| Intel chairman Craig Barrett (left) with his wife Barbara Barrett and Union health minister Anbumani Ramadoss in Tindivanam (TN) on Monday. (PTI)
Tindivanam (TN), Sept. 3: India stands a good chance of becoming one of the manufacturing sites of Intel. “When we need more capacity, India will be very high on our list of potential sites,” chairman Craig Barrett said today after launching two e-health pilot projects here.
Barrett said India’s physical infrastructure did not come in the way of Intel’s investment decisions here.
“Intel’s decision to invest in Vietnam and, more recently, in China was an outcome of discussions that were already on. This was even before the Indian government could formulate a well-documented plan to attract large investments in IT hardware manufacturing,” Barrett said, referring to the delay in finalising India’s semi-conductor policy.
Intel will now focus on engineering and on developing its software centre in Bangalore. It will also continue with its training and technical support activities for states and the Centre to deliver quality education and healthcare to rural India.
Barrett declined to put any numbers to Intel’s expenditure in the computer educational training and healthcare programmes.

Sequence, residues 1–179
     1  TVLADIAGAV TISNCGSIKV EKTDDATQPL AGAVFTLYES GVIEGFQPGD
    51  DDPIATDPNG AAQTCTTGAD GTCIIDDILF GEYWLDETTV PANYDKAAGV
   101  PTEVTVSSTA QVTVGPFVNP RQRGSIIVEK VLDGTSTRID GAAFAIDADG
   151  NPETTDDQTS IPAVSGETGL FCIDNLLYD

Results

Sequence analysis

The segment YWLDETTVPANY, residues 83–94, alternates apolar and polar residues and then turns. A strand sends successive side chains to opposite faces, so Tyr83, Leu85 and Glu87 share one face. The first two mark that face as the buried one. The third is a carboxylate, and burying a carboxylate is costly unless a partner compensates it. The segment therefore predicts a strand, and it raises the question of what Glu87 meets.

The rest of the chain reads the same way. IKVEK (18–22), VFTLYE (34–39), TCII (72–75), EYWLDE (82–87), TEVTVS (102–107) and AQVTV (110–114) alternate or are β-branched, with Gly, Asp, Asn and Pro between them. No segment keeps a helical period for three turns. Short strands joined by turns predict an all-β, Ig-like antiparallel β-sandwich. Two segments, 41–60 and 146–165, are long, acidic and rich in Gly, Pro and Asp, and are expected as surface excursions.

The two e-healthcare projects launched by him and Union health minister Anbumani Ramadoss are extensions of Intel’s World Ahead Programme, a global initiative to provide people in developing countries the benefits of better, faster access to information and communication technologies, Barrett said.
Tindivanam’s Taluk General Hospital & Trauma Centre can now access the opinion of top medical experts abroad through the Internet.
The telemedicine project at the hospital will offer free-of-cost remote diagnosis and prescription on ophthalmology ailments from Sankara Nethralaya, Chennai, within 30 minutes and on cardiac ailments by doctors of cardiac hospital Narayan Hrudayalaya, Bangalore, within 7-10 minutes.
The government-aided St Philomena Girls’ Higher Secondary School will have a health monitoring project, run entirely by students, to plot the growth curve of girl students who suffer from malnutrition-related ailments.
The district and state health authorities can read the health reports of the school to address specific ailments among the girl students.
Intel had first started this project in rural Baramati near Pune last year. Several Indian hospitals and software companies, including TCS, are partners in this pilot project.
“This pilot programme is an initiation into a much larger National School Children Health Programme to be taken up in coordination with the HRD ministry,” Ramadoss said.